Reporters Without Borders

Newspaper editor badly beaten in an attack that could be linked to his work

Newspaper editor badly beaten in an attack that could be linked to his work

Published on Monday 19 January 2004.
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Tomas Nemecek, the editor of the weekly Respekt, was the victim of a violent attack on 17 January. His newspaper has written about such sensitive issues as organised crime gangs, neo-Nazi groups and arms trafficking.

Reporters Without Borders today called on the Czech authorities to take firm action in response to a violent attack on Tomas Nemecek, the editor of the weekly Respekt, on 17 January.

Nemecek, 30, was sprayed with pepper gas and then kicked and punched in the head by two men men after leaving a shop near his home in Prague. His assailants said nothing and took nothing from him. He was hospitalised with injuries to his head and face, but his condition was not critical. The police have said they are investigating.

"The authorities must react with the utmost firmness to this act of violence, which could constitute a direct attack on press freedom," Reporters Without Borders said in a letter to interior minister Stanislav Gross.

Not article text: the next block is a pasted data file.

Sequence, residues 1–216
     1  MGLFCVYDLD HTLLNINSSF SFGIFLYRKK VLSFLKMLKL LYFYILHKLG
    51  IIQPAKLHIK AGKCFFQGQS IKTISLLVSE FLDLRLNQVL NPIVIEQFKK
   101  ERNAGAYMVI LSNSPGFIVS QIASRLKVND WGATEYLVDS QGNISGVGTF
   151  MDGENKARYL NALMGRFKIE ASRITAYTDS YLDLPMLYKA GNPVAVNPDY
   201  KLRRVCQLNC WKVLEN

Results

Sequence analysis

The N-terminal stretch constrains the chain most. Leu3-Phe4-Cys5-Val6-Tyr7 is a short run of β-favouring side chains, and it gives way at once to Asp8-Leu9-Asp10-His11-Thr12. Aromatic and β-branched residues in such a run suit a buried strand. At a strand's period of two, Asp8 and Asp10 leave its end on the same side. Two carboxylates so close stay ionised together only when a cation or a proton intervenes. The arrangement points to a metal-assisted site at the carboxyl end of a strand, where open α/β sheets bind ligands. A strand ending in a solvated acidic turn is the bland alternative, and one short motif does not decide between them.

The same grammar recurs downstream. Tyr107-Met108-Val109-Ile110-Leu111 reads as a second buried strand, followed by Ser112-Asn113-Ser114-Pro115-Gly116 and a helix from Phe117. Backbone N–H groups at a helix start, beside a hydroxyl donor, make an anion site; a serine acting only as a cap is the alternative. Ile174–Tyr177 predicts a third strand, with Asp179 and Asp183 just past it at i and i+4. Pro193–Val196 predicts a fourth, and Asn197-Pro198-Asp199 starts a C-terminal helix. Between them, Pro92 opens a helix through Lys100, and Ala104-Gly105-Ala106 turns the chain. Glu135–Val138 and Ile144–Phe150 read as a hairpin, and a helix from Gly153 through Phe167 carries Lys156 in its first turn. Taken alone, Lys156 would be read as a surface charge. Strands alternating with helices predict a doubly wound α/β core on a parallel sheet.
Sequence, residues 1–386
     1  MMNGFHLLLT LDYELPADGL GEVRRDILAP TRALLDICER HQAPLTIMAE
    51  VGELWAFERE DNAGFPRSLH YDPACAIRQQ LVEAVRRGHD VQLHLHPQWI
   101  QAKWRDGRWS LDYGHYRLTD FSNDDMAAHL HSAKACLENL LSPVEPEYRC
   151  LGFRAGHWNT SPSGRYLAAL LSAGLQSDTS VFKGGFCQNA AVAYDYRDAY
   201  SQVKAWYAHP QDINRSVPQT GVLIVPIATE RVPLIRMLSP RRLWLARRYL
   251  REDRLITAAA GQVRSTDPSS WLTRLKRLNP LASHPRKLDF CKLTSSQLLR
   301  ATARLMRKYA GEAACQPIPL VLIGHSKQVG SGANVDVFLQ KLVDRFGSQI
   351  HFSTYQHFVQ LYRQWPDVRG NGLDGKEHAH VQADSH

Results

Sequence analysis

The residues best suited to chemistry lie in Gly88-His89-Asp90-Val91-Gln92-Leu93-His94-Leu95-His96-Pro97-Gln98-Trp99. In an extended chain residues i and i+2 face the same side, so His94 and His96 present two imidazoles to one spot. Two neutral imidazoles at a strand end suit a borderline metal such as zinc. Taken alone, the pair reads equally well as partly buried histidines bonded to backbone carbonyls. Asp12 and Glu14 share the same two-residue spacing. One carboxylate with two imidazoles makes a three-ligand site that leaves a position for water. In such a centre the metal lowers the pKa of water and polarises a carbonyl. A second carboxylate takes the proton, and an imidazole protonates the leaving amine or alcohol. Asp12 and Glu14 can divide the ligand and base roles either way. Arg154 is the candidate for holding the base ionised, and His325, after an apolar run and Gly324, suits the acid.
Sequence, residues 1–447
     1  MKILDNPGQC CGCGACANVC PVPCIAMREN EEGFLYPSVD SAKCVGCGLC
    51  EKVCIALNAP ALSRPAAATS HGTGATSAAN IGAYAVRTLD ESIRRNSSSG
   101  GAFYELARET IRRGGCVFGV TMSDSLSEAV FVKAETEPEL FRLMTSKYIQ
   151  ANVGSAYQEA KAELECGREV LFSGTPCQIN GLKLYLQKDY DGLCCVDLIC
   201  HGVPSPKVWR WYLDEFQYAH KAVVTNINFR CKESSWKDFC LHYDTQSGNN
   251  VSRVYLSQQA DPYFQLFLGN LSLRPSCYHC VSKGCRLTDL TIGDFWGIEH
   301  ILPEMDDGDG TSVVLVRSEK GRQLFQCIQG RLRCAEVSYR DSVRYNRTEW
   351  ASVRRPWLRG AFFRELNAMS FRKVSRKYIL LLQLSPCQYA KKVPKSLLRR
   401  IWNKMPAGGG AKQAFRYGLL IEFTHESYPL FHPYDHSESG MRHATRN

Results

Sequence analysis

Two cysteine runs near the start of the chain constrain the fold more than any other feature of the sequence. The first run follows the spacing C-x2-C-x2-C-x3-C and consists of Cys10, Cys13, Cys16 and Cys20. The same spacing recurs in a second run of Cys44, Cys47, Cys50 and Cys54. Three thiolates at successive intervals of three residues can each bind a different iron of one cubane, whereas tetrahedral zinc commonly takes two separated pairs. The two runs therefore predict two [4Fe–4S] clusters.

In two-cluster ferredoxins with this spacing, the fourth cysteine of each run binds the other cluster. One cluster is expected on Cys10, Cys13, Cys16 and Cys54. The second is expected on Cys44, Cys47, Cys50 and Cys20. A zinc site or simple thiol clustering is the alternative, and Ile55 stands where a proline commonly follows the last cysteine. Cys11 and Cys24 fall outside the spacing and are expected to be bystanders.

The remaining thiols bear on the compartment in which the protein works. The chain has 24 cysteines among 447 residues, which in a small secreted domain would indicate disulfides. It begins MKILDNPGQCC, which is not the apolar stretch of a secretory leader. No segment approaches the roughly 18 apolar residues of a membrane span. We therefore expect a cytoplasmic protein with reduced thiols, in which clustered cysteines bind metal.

"We call on you to ensure that all appropriate resources are deployed to identify and punish those responsible and, at this early stage of the investigation, to not rule out the possibility that the attack was linked to the victim’s work as a journalist," the organisation added.

Marek Svehla, the weekly’s deputy editor, told Reporters Without Borders: "The attack was obviously prepared, it was obviously against the newspaper." He said it could have been prompted by several articles that have been published since the start of January about a criminal gang operating in Most and Litvinov, in the north of Bohemia, and the failure of the police to take action.

A journalist with the weekly, who did not want to be identified, received a telephone call yesterday from a gang member threatening to attack him if he wrote an article. Svehla voiced scepticism about the ability of the local police to deal with these gangs and said he would like the case to be assigned to a special unit that combats organised crime.

The newspaper has also published investigative reports on such sensitive issues as a neo-Nazi group’s racist behaviour towards the Roma in the eastern region of Ostrava, arms trafficking and the privatisation of coals mines in northern Bohemia.

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